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MAGA Energy makes case for crypto-mines

Greystone Manor residents not interested, says Toms
WEB Sturgeon County file
County administration has tabled a draft law on behalf of Calgary’s MAGA Energy, which hopes to use gas wells in Sturgeon County to mine cryptocurrencies. FILE PHOTO/St. Albert Gazette

Clarification
This story originally said the draft law was tabled "on behalf" of MAGA Energy. It has been revised to reflect the fact that the law was tabled because the county was approached by MAGA to create a crypocurrency mining centre.

Sturgeon County residents will get to weigh new rules for cryptocurrency operations later this month.

County council held first reading for its proposed new data processing facility regulations Jan. 25. The draft law goes before a public hearing Feb. 22.

The draft law, if passed, would make data processing facilities (computer sites that process data which could be related to cryptocurrencies) a discretionary use on agricultural, resource extraction, rural industry support, local industrial district, medium industrial (serviced and not), heavy industrial, industrial reserve, and public utility lands.

The law was tabled by county administration after Calgary’s MAGA Energy approached the county with plans to use gas wells in Sturgeon County to mine cryptocurrencies.

Cryptocurrencies such as Bitcoin are currencies secured through cryptography, reports Investopedia. Many of these currencies are based on computer networks and are not issued by a central government authority. People can earn or “mine” cryptocurrencies by having computers complete complex calculations.

MAGA Energy chairperson David Tian said his company owns about 40 natural gas wells in Sturgeon County but doesn’t have the pipelines needed to sell the gas in them. Instead of spending two years and about $2 million to hook up pipelines, his company hopes to use gas from up to 10 of these wells to power computers and mine cryptocurrencies, producing tax dollars for the county and royalties for the province.

County council has heard that each of these sites would create four jobs and generate about $20,000 in taxes a year.

Crypto criticisms

The Vancouver-based Link Global set up a cryptocurrency mine on one of MAGA’s sites in Greystone Manor in 2020 without permission from county or provincial regulators. The Alberta Utilities Commission shut the mine down and is now seeking to fine Link Global about $7.1 million.

That experience has left a bad taste in the mouths of Greystone Manor residents, and they’re not interested in hosting another cryptocurrency operation, said area Coun. Kristin Toms. Still, crypto-mining is an emerging field, and the county does not have any rules in place for it.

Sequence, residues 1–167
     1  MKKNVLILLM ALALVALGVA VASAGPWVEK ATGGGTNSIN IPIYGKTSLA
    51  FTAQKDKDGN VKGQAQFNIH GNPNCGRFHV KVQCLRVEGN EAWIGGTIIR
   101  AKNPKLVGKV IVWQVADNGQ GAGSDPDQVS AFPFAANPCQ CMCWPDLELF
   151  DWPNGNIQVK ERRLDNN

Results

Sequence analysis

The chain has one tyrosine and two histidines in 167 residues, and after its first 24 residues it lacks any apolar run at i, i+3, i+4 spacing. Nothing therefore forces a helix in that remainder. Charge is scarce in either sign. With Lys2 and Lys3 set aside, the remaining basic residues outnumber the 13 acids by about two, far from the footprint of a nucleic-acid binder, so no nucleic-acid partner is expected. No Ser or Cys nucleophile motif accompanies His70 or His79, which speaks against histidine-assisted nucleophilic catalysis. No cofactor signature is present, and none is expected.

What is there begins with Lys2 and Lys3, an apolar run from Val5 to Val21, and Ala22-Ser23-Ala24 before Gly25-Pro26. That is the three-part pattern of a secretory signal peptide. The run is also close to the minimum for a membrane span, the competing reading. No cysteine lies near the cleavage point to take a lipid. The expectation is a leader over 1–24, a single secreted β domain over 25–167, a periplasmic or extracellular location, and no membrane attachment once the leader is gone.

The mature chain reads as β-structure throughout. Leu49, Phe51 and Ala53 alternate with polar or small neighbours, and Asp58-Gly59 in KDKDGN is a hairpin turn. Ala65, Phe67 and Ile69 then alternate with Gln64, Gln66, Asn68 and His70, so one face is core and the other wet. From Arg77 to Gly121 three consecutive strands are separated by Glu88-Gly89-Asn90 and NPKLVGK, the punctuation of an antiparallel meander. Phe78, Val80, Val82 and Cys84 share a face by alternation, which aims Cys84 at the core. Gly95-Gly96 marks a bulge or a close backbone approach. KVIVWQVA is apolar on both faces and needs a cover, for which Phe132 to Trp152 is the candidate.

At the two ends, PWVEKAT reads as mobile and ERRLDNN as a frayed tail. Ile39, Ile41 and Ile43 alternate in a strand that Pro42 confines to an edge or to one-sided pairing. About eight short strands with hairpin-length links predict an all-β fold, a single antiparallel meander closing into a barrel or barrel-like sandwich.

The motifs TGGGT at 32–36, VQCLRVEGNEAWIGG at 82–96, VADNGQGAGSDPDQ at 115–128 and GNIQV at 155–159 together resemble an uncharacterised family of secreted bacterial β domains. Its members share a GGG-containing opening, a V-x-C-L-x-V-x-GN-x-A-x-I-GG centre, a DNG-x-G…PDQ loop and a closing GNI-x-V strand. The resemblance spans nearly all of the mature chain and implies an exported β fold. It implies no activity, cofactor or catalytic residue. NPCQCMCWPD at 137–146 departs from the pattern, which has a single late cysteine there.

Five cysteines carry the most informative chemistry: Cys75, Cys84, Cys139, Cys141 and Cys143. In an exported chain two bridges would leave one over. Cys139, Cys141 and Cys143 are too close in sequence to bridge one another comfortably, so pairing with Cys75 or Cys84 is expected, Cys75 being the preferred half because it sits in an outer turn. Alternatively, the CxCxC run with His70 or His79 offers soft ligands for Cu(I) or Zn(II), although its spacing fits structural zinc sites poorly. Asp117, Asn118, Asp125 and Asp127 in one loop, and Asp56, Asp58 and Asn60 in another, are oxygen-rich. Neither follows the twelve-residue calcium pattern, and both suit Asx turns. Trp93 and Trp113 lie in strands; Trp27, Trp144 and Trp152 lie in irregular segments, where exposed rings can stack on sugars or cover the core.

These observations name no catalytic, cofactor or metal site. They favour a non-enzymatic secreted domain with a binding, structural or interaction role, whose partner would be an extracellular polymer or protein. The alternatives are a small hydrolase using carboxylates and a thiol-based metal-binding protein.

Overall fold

“It’s a new industry for everybody,” she said, and most county residents have no experience with it.

Toms said the biggest issue Greystone Manor residents had with the Link Global mines was the noise caused by their generators and computers running 24/7.

“There was this weird metallic buzz incessantly behind them,” Toms said, comparable to having a mosquito in your room at night all the time.

The proposed bylaw would require data processing facilities with power plants to be at least 1,500 metres from any homes and may subject them to noise impact assessments and mitigation. Mayor Alanna Hnatiw told council that the Greystone Manor mines were 685 metres from homes.

Tian said his company plans to house its mines and generators in soundproof steel buildings instead of shipping containers. It was not working with Link Global on these new mines and he would insist its new partner show them they were meeting all regulatory requirements.

Cryptocurrency transactions require vast amounts of energy and produce huge amounts of greenhouse-gas emissions, noted Saeed Kaddoura, a senior analyst with the Pembina Institute. Bitcoin uses about the same amount of energy as Thailand each year, for example, with one Bitcoin transaction producing some 1,038 kilograms of CO2 — equivalent to driving a car from St. Albert to Calgary 13 times, according to the U.S. EPA’s emissions calculator.

Tian said his company hopes to build on-site greenhouses to grow food using waste heat and CO2 from its mines within a year of the start of operations.

Kaddoura said governments should regulate cryptocurrency mining to reduce its environmental impact.

“We can do it cleaner with renewables and carbon offsets. We just have to be telling these companies, ‘Hey, this is something you should consider doing.’”

Toms said she wants to hear more about how MAGA Energy would address the environmental impacts of these operations and how they would ensure its miners followed government regulations.

“We want to be open for business, but we want to make sure residents are happy and businesses are compliant with all the regulations.”


Kevin Ma

About the Author: Kevin Ma

Kevin Ma joined the St. Albert Gazette in 2006. He writes about Sturgeon County, education, the environment, agriculture, science and aboriginal affairs. He also contributes features, photographs and video.
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